Director: Kim Ji-woon
Writer: Kim Ji-woon
Producer: Lee Yu-Jin
Cast: Lee Byung-Hun, Kim Young-Cheol, Shin Mina, Hwang Jeong-Min, Kim Roi-Ha, Oh Dal-Su, Vadim, Eric, Kim Hae-Gon, Lee Mu-Young, Lee Gi-Young, Jin Gu
Running Time: 120 min.
A Bittersweet Life is pretty much a cardboard cutout example of how to make an entertaining gangster film, Korean or not. Lee Byung Hun shines in the lead as a hitman who is betrayed by his boss after making a seemingly inconsequential ‘mistake’ and faces an uphill battle as he seeks bloody vengeance. It may not be the most original plot in the world, but it certainly works. Nice touches, like a quiet moment in which Sun Woo (Lee Byung Hun) placidly savors a final taste of chocolate cake before ‘going to work’, add loads to the style and atmosphere.
There’s this one scene about midday through in which these two dorks, full of themselves and not too pleased with driving of our protagonist, ungraciously spit on his shiny black car and throw a cigarette butt at his window. Sun Woo, being the badass that he is (and considering his current mood), abruptly stops his car in front of theirs, gets out, and proceeds to beat the two punks to a pulp. In the coupe de grace, he grabs their keys and tosses them off the bridge. For a moment there I forgot I was watching a movie and simply empathized with the character, his anger just about palpable and real.
If only the rest of the movie kept pumping the adrenaline to the same level, this might have been a classic. As it stands, it’s pretty good, but on the whole, doesn’t really add much of anything new to the genre. The supporting cast, including Kim Young Cheol and Shin Mina (who slightly resembles Jeon Ji Hyun) turn in fine performances, and the direction by Kim Jee Woon is super slick, if by the book. The set design was supposedly done by the same guy(s) as Oldboy, and it definitely shows. Likewise, the music work is commendable.
I’ve heard a rumor that another [longer] cut of the movie exists, and that’s something I’d be genuinely interested in. Some subplots in this version are a little rushed, and the movie could use a bit more characterization and dialogue to help set it apart. As much as I love gun battles, we’ve pretty much seen it all done before, and arguably done better (although the one here is certainly decent). Ditto with some of the torture scenes and the hand to hand combat of the one versus twenty variety, a lot of which I felt could’ve been shortened or removed altogether without much of a loss (besides a nagging sense of déjà vu). That’s not to say none of the violence is striking, some of it is, but next to the innovative sequences showcased in Park Chan Wook’s films of late, I couldn’t help but want for more.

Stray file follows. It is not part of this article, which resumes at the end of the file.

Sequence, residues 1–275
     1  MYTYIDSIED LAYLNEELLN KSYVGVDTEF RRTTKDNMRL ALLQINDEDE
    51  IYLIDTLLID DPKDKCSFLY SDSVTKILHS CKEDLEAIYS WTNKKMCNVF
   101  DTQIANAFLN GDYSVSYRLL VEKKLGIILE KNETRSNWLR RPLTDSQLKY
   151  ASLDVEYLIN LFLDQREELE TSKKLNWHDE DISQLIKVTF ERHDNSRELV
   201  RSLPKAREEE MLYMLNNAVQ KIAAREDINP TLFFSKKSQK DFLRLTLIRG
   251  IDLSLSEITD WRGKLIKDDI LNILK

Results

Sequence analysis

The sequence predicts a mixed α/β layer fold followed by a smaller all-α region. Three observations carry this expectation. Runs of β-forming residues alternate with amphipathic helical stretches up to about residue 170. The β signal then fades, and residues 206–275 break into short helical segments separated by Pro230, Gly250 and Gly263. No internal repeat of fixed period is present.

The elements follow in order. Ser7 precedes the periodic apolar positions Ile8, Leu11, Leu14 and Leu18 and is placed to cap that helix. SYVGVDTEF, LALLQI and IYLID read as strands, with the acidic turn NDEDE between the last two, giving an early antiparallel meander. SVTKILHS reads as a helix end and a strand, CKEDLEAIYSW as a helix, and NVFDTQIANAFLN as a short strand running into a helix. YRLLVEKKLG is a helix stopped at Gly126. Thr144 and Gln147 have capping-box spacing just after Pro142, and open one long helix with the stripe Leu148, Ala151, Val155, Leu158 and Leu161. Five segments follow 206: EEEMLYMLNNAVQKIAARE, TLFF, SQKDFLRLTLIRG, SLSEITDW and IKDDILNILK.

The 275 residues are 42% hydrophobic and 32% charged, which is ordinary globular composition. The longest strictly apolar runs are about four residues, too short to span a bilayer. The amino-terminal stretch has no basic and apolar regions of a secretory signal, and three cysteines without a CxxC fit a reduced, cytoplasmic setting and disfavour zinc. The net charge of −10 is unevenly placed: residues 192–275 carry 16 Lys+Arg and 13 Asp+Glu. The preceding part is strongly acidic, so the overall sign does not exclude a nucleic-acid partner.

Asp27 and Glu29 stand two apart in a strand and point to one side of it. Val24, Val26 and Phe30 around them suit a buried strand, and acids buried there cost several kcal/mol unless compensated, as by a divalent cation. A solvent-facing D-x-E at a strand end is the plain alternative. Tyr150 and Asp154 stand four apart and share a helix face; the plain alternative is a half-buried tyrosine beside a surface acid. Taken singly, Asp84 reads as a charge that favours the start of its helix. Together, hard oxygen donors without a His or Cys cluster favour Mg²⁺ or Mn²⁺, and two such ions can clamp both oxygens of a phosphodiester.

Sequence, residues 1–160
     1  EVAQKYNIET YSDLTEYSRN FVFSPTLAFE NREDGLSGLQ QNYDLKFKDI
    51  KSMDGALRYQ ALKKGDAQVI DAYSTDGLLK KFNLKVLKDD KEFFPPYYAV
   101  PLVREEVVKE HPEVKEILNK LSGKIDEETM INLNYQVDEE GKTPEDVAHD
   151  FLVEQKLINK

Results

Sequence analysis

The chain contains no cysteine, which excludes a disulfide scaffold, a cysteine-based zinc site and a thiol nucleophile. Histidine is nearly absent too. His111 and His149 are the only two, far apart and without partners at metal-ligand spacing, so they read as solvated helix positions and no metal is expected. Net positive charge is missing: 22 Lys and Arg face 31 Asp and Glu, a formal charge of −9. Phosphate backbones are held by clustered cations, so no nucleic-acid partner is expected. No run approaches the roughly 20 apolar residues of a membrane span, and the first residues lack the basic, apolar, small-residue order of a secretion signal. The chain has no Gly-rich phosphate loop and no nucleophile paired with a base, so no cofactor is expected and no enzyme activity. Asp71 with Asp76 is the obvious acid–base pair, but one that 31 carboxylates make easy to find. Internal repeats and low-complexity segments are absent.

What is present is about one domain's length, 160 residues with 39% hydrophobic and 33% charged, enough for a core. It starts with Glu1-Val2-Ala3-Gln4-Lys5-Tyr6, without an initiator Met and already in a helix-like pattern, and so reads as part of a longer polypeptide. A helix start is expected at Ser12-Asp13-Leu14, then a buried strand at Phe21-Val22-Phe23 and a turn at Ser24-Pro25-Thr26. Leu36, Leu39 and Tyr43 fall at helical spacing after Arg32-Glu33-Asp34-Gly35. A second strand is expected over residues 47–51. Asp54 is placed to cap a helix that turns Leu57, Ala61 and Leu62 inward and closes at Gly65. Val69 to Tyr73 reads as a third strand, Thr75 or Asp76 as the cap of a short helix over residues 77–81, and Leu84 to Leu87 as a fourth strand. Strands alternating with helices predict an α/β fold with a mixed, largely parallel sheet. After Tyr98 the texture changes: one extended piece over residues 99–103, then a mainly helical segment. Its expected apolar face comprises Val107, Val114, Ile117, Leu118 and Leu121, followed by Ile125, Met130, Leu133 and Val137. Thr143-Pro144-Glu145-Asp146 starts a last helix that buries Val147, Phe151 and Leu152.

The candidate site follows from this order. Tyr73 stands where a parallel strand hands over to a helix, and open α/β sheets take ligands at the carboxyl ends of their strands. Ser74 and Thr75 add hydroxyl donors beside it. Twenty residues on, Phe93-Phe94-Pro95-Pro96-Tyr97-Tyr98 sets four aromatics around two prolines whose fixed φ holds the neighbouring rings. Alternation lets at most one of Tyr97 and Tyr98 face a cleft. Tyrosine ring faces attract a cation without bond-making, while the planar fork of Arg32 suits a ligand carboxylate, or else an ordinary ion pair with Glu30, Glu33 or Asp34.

Nevertheless, this is a solid film. If you are at all into this type of thing, then by all means.
Iuxion’s Rating: 8/10
All you need to know about A Bittersweet Life is that it is, in my humble opinion, one of the best gangster movies from recent times that I’ve ever seen. Seriously – a great mix of cool characters, action, dialogue, and humour.
Actually, on a technical note, another thing that you need to know about A Bittersweet Life is that the DTS soundtrack on the DVD is excellent. I can’t recall any other movie that I’ve recently seen on my home system sound so clear – footsteps from afar coming closer, branches blowing in the wind, gunshots rattling your ears (right up to the post-credits gunfire), and more.
Owlman’s Rating: 10/10 (And that concludes my half-assed review of this movie. Buy this movie, man – you can’t go wrong.)
This is one of those movies that might be talked about for some time. At least I hope it is. The film is called A Bittersweet Life because the main character, Sun-woo (Lee Byung-hun), is the manager of a bar called La Dolce Vita (Italian for A Bittersweet Life). In addition to being the manager, he’s also the right hand man to a local mob boss.
When Sun-woo fails to carry out a specific order, because his conscience gets the best of him, he’s put on the boss’ hit list. From then on it’s a struggle to survive, and get answers. This bloody, violent and noir movie ends up with an ultimately ambiguous ending. Did everything really just happen or was it a fantasy concocted by Sun-woo because he’s bored with his life?
A Bittersweet Life was a very interesting movie to watch, and painful to look at in certain parts. Not as graphic as a film like Sympathy for Mr. Vengeance or Save the Green Planet, but just as striking. What I really liked was Sun-woo’s journey to obtain a gun. It wasn’t like America, where you can just walk into a store and walk out armed like The Terminator. Sun-woo had to go through a rigorous process in the underworld to get a gun. Of course, this added to his ultimate downfall. Plus, having never fired a gun before, his aim is not as perfect as “in the movies”, this adds to the realism and, to be quite honest, the enjoyability of the film (which also adds to the ambiguousness of the ending).
I would have to say that my thoughts on the film are that it was all a fantasy. Not just because of what is said at the end, but also because of how much punishment Sun-woo takes and stays on his feet (after dozens fall before him, after taking much less in the way of physical bodily damage). This doesn’t make it any less enjoyable, it just makes it more fantasy than an attempt at realistic gunplay action. A Bittersweet Life is highly recommended.
Equinox21’s Rating: 8.5/10